Several highly pertinent and well-argued responses from nationalists were swiftly received, for the most part noting that it is entirely a matter for the Californian people to decide, and that there are in any case a number of huge differences between California and Scotland (cultural, historical, constitutional) that render such a comparison meaningless. Curiously, though, on Sunday, the admin of Labour Hame claimed that the question was still - like all the others before it - 'UNANSWERED'. So I posed an obvious question of my own, both here and on Twitter, leading to a little exchange that has been going on for a couple of days...

Me : What would it actually take to get @LabourHame to acknowledge that one of their questions has been answered?

Labour Hame : How about when it's answered? Or is that too complicated for you?

Me : Not at all, that's grand. In that case, can you explain in what sense the seven answers I quoted were not in fact answers?

Labour Hame : Were any of them "yes" or "no"?

Me : Yes, my own was. As you'd know if you'd followed the link in the tweet you were replying to.

(I then once again directed him to a post that repeated my own answer to the question : "yes, if it wants to, but not if it doesn't" to the first part of the question, and "no" to the second part.)

Me : So I take it we can now formally certify that question as 'ANSWERED'? If not, what's your latest excuse?

Labour Hame : Sorry, that doesn't qualify. Either "yes" or "no" is acceptable - no qualifications. Try again.

(Unwittingly, this was a very helpful response, because for the first time ever he had set out his specifications for what constituted a valid answer. Those specifications may have been monumentally silly, but they were extremely easy to satisfy, and it would be impossible for him to pretend later on that he hadn't set them. Or so you'd think.)

Me : OK, I've tried again. See here...

(I then directed him to a fresh post stating that my answer to the first part of the question was 'no', on the grounds that the constitutional future of California was entirely a matter for the Californian people to decide, and that there was ample evidence that they have absolutely no interest in independence whatsoever - in stark contrast to the people of Scotland. My answer to the second part of the question remained 'no'.)

Me : So is the question 'ANSWERED' now?

Labour Hame : Okay, here's a clue: the correct answer is the same answer to "Should Scotland secede from the UK?" Try one more time.

Me : And I quote - "Either 'yes' or 'no' is acceptable". My answer was "no". Kindly explain why you've just contradicted yourself?

You won't be surprised to hear that my last question can I put this...UNANSWERED, in spite of the fact that there have been a couple of tweets from Labour Hame's duty officer on Twitter since I posted it. You can rest assured that I'll be pressing him on the matter if I hear nothing soon. Perhaps the answer is "Er..."?

Apart from the hilarity of this contradiction, the desperate switch from "either 'yes' or 'no' will do" to "there is only one 'correct' answer, and 'no' isn't it" marks the end point of a truly epic piece of circular logic. The initial answers from nationalists explaining why the comparison between Scotland and California didn't work were all irrelevant, because only a 'yes' or 'no' answer was required. But when a 'yes' or 'no' answer was forthcoming, that still wasn't valid, because Scotland and California are apparently identical entities, and if the answer is 'yes' for one, it must also be 'yes' for the other. OK, so perhaps you should have listened to the patient explanations that were so helpfully forthcoming about why Scotland and California are not, in fact, identical entities? Oh no, that'll never do, we just wanted a 'yes' or 'no' answer. And so it goes on into infinity.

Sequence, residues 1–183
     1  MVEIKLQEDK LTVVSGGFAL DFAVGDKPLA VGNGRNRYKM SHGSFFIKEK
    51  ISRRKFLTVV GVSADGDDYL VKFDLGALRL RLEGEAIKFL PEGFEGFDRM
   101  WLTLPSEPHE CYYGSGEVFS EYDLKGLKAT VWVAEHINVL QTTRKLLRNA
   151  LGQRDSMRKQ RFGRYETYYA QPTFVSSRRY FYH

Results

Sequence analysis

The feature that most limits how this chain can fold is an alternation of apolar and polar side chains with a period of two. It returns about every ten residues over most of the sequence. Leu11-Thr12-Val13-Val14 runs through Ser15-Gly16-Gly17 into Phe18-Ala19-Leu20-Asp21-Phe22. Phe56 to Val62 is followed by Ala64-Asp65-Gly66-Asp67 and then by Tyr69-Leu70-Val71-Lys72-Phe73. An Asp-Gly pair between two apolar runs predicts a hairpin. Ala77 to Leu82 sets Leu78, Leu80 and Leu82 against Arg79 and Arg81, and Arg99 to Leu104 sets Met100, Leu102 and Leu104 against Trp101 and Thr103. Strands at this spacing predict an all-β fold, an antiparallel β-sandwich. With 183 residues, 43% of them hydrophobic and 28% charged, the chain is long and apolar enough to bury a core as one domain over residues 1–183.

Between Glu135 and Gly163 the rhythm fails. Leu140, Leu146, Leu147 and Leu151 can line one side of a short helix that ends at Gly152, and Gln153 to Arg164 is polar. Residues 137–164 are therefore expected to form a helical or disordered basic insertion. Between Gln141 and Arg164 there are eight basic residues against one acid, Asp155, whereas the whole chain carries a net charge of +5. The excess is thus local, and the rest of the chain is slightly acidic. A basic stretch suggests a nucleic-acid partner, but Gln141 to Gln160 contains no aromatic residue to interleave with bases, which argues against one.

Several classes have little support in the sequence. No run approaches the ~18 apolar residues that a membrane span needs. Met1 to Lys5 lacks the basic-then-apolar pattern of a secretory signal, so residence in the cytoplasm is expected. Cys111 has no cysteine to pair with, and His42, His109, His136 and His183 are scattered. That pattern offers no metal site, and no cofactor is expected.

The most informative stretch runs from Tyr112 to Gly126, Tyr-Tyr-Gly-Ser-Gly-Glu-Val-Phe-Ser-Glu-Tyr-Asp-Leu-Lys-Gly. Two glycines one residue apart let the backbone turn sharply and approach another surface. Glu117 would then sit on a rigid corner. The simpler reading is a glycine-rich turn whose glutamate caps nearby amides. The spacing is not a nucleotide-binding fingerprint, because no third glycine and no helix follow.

I'd suggest this is a valuable lesson for any future question from the admin of Labour Hame - even if you answer it in precisely the way he claims he wants you to answer it, that still won't constitute an answer. And perhaps the next time we ask "why wasn't that an answer?", the response will be "because you're a nationalist, and I've just discovered a new law of physics that renders it impossible for nationalists to answer any question to my satisfaction".

Tuesday, August 2, 2011

The excuses are dwindling...

Another day brings the excitement of another reply from Labour Hame's duty officer on Twitter -

"Sorry, that doesn't qualify. Either "yes" or "no" is acceptable - no qualifications. Try again."

Oh dear, oh dear, you've walked into this one, sunshine. OK, I will try again.

The answer to the first part of the question, "should California secede from the US?" is -


(The reason is that, as I made clear in my previous answer, it is entirely a matter for the people of California to decide for themselves, and there is ample evidence that, in sharp contrast to Scotland, there is absolutely no public interest in independence.)

The answer to the second part of the question, "are Californians who want to remain American anti-Californian?", is -


I await with baited breath the reason why even one word "yes" or "no" answers with no qualifications still do not constitute proper answers.

Monday, August 1, 2011

Intake of breath - are we making progress?

A quick follow-up to the last post in which I challenged Labour Hame's duty officer on Twitter about why none of the seven answers to his question that I quoted actually constituted an answer. Thrillingly, I've now received a response...

"Were any of them "yes" or "no"?"

Well, as luck would have it, one of those seven answers was my own, and it was this -

"Yes, if it wants to, but not if it doesn't" to the first part of the question on whether California should secede from the US...

...and "No" to the second part on whether those Californians who want to remain American are anti-Californian.

So are we inching closer to a historic concession from the tartan-clad Website of the People? I'm about to send a reply on Twitter with a link to here - I'll keep you posted. Oooh, the suspense...

Is the answer to this question going to be "Er...", or "la, la, la, la, I'm not listening"?

Well, this is a novelty - because I tweeted the abbreviated title of my last post but one, ie. "What would it actually take to get @LabourHame to acknowledge that one of their questions has been answered?", I actually got a response from the horse's mouth -

"How about when it's answered? Or is that too complicated for you?"

Hmmm. This is not exactly dispelling the image of the admin of Labour Hame tied to a chair and having the word "URUGUAY!!!!!" screamed into his ear, but still failing to hear a thing. All the same, I took him at his word and asked the obvious follow-up question -